Nittoboeki (trade between Japan and Tang dynasty China) (日唐貿易)

Nittoboeki (日唐貿易) is the trade that was carried on between Japan and Tang dynasty China.

Summary

Although the trading at that time was mainly the tribute trade (tribute, and gift returns, purchases to conform it) along with the dispatch of Japanese envoy to the Tang Dynasty China, it does not mean that there were no private trading ships. For instance, there is a definition about the nation's right of preemption in the trading between Japan and gaiban (derogatory expression of foreign countries and foreigners) in Genshi Ryo (regulations of markets and checking stations) of Yoro-ryo (Yoro Code). It is said that the private trade relationship came to exist in the late Nara period at the latest, and also the trade relationship that relayed Shiragi (ancient Korean kingdom) and Bo Hai seems to have existed. The existence of these Shiragi merchants, Jang Bogo and 金珍, who helped Ennin trying to do Nitto Guho (travelling the Tang for seeking the teaching of Buddhism), was known in history. They engaged in the trade between Japan, Shiragi and Tang. An episode that a monk in Tang sent a letter addressed to Michizane by a Shiragi merchant, has been also written in the proposal for stopping Japanese envoys to Tang Dynasty China ("Kanke bunso" [an anthology of Chinese-style poetry by SUGAWARA no Michizane]) that reported to the Imperial Court by SUGAWARA no Michizane. Today, many potteries, the flagship product of karamono (things imported from China) that time have been excavated from the remains of Heiankyo, and many think that although the number of the Japanese envoys to Tang Dynasty China declined, and even after the transfer of national capital to the city of Heiankyo, many potteries were brought from China into Japan and many of those were brought by private merchants.

When a vessel with foreigners such as envoys and merchants arrived at Kyushu, Dazaifu (local government office in Kyushu region) reported the Imperial Court about it and the Imperial Court ordered Dazaifu to stop the foreigners and give them warm welcome in the facilities such as Korokan at Hakatanotsu, Kyushu. The nation's right of preemption was asserted by the Imperial Court by either sending people, such as benkan (officials of the dajokan) or kurodo (Chamberlain), assigned to serve as karamono no tsukai (Supervisor of Chinese goods) to the ports of call, or by the government officials (esp. ones of low to medium rank) directly negotiating and purchasing from the merchants based on the detailed list of necessary goods made by the Imperial Court. However, those aristocrats with the information about the foreign merchants often ordered their servants or related merchants to reach out them, and traded with before Dazaifu. Although the Imperial Court issued the prohibition against these kinds of acts that violate the nation's right of preemption, it did not have much effect on it since many of the aristocrats who enacted the prohibition could not curb the desire for karamono, and violated the prohibition by themselves. Later, trading posts were built up by the merchants from Tang and Shiragi in the northern shore area of Kyushu centering on Hakatanotsu. The regulators such as the government officials at Dazaifu also participated in this kind of trading. FUNYA no Miyatamaro, Chikuzen no kami (governor of Chikuzen Province), who built up contact with Jang Bogo was a major example of them.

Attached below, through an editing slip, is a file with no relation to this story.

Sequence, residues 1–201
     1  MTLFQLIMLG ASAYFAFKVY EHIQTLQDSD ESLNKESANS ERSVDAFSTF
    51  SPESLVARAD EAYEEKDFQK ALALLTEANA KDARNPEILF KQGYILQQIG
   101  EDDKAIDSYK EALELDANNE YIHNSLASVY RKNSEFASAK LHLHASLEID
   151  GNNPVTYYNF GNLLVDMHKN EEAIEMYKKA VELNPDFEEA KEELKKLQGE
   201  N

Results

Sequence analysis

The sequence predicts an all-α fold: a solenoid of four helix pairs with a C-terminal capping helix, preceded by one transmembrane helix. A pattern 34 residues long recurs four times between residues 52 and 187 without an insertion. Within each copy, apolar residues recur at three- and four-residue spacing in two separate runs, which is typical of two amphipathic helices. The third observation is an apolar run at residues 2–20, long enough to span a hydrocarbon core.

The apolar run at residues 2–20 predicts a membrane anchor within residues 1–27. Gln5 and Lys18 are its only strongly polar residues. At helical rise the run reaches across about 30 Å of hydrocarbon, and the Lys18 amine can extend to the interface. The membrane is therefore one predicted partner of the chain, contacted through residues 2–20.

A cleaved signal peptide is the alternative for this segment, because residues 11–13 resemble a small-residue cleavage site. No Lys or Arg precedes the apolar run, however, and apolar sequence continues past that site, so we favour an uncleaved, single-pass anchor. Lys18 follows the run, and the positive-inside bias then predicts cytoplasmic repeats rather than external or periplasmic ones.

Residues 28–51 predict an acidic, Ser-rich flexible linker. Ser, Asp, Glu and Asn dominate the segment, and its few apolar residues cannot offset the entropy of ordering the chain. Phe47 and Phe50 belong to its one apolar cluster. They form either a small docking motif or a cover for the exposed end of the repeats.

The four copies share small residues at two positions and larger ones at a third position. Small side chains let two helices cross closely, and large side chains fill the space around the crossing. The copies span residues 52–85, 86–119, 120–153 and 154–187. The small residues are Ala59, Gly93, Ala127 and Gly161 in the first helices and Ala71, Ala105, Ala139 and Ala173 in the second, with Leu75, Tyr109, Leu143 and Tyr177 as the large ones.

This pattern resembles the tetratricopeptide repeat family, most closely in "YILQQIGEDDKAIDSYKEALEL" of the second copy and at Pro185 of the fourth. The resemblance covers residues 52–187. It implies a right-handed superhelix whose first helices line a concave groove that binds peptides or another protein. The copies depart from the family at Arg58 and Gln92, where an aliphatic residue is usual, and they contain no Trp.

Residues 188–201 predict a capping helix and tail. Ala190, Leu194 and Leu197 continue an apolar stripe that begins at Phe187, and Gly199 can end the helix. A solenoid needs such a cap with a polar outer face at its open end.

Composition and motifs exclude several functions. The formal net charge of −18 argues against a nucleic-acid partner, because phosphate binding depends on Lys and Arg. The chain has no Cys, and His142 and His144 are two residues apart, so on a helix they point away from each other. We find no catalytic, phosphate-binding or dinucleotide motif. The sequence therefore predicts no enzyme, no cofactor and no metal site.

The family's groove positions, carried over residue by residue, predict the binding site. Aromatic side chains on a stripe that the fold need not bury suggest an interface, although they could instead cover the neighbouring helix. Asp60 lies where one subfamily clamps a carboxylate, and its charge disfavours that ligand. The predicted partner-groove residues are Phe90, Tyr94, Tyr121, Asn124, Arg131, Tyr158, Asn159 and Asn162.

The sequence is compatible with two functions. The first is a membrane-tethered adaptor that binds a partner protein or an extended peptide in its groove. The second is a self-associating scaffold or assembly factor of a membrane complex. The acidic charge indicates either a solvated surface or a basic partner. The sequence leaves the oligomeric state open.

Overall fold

The fact that silver, textile fabrics, cloths and threads were brought to Tang Dynasty from Japan as tribute, and textile fabrics, spices, medicines, Buddhist objects, scriptures and books were brought into Japan from Tang, is seen in records as ones written by the Japanese envoys to Tang Dynasty China. Also, there were goods from Central and Western Asia that had relayed the Silk Road. Some of the karamono that were brought into Japan can be assumed from the treasures in Todaiji Temple Shosoin or "Nihonkoku genzaisho mokuroku" (Catalogue of Present Books in Japan).